Ecuadorians searched for food during the days following the earthquake that devastating earthquake that left many in grave danger.
Throughout the phase of crippling effects, most areas remain unstable and many more are in peril–primarily coastal towns flattened by last weekend’s powerful earthquake.
South America’s deadliest earthquake in more than a decade razed entire communities. Many building were destroyed during the quake, including the beach town of Canoa last Saturday. Residents who were camping in temporary housing facilities said that they were praying that it didn’t rain.
A magnitude-6.0 aftershock shook the coast late Thursday, followed by more reverberations that sent people running from the structures left half-standing after the initial quake. Local television stations pictured individuals crying and screaming, but President Rafael Correa tried to convince people that these ramifications were to be expected and that waiting them out is the only option. In Canoa, 98 percent of buildings were destroyed during the original magnitude-7.8 quake, army Col. Jose Nunez said.
The palm tree-lined beach towns along Ecuador’s coast are often brimming with tourist, gaining worldwide recognition because of its exotic attractions. But this week, the streets are flooded with sadness and pain, with those scavenging for nourishment a common occurrence. Occasionally, some leave without so much as a penny or scrap of bread after hours in the sun. Similar to aid workers and rescuers, residents wear masks to protect themselves against the dust. The death count rose to at least 602 on Friday, exceeding the dead from Peru’s 2007 earthquake and making this the deadliest quake in South America since a 1999 tremor in Colombia killed more than 1,000 people. Ecuadorean officials listed 130 people as still missing and the number of people left homeless climbed to over 25,000.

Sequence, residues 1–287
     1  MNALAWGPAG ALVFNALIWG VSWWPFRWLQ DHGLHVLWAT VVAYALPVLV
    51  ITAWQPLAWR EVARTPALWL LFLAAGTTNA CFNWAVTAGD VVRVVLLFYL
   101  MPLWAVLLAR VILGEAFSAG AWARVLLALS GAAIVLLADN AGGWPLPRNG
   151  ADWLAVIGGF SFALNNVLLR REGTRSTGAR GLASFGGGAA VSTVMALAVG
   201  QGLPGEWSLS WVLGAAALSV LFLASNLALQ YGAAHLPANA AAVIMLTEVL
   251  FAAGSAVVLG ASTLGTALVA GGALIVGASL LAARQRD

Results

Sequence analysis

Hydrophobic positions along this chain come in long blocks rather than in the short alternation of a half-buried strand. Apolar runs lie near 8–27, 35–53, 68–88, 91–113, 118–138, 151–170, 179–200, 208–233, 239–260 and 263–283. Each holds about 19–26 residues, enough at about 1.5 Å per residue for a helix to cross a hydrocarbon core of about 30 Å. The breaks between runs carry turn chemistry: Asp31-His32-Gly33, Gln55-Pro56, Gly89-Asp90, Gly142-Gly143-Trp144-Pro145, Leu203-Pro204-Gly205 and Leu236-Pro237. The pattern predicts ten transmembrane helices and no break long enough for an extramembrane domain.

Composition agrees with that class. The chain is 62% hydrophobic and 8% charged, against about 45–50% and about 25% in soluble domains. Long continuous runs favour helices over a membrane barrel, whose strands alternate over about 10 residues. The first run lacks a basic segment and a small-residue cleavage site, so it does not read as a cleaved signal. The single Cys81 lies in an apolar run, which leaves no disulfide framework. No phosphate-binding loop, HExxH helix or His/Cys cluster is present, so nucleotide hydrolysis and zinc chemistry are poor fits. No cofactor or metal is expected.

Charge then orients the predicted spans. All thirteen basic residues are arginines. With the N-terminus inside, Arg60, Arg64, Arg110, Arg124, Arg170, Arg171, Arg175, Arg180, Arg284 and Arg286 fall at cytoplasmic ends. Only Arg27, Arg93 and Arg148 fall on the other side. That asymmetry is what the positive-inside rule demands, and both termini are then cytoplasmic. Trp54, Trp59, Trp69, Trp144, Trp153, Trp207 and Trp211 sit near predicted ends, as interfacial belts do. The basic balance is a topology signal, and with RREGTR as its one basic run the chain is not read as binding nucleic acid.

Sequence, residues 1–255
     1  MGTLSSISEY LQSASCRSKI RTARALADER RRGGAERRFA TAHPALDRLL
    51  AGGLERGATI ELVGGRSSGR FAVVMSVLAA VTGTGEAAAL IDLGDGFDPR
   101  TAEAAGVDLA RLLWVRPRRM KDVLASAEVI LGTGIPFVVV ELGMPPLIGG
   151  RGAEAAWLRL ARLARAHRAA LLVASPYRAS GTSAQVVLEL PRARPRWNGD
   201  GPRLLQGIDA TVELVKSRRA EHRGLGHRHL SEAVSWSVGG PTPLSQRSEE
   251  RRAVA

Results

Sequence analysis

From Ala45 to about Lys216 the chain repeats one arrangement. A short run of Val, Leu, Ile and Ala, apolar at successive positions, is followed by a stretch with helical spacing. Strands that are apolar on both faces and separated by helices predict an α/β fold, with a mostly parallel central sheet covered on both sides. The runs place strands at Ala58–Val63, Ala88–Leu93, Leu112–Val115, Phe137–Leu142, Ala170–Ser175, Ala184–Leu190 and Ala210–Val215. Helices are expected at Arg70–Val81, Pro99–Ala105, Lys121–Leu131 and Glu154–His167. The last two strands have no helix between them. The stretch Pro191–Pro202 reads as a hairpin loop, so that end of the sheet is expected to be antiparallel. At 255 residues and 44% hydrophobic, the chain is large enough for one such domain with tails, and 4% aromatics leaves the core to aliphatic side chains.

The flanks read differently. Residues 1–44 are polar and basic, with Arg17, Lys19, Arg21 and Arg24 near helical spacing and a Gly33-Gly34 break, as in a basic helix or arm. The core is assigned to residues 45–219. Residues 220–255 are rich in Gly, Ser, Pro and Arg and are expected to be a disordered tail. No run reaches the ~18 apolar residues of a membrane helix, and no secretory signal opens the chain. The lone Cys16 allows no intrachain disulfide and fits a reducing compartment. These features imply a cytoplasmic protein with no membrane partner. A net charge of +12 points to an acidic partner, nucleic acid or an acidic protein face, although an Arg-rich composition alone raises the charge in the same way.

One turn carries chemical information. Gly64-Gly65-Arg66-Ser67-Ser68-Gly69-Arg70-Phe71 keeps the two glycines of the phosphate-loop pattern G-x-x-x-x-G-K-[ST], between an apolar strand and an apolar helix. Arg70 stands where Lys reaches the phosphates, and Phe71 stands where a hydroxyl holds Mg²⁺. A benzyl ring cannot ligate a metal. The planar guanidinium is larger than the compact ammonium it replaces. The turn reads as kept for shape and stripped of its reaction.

Mercedes Murillo folded clothes Thursday in a makeshift shelter on a Canoa soccer field where she is living with 50 other families. “It’s so hard, especially with the children, with all this dust, and sleeping outside. We’re thanking God that it’s not raining,” she said as she struggled to hold back tears.
Rescuers continued to sift through rubble on streets that looked as though a bomb had struck them, but it was too late to revive any bodies buried underneath. Aid workers have said there is an abundance of food and resources arriving from abroad. Eighty-six metric tons of relief items from UNICEF landed in Quito on Thursday night, including 10,000 fleece blankets, 300 plastic tarps, large tents and insecticide-treated nets, and many other items.
But the relief workers feared that delays in water distribution and mosquito-borne illness could spread within the camps. Correa has said the earthquake caused $3 billion in damage and that the reconstruction efforts will take years. His socialist administration is momentarily raising taxes to fund the recovery.
The damage has added to the already unstable economy in this OPEC nation, an issue largely stemming from the drastic drop in oil prices. Even before the quake, Ecuador was preparing for an economic hit because the International Monetary Fund predicted the economy would shrink 4.5 percent this year.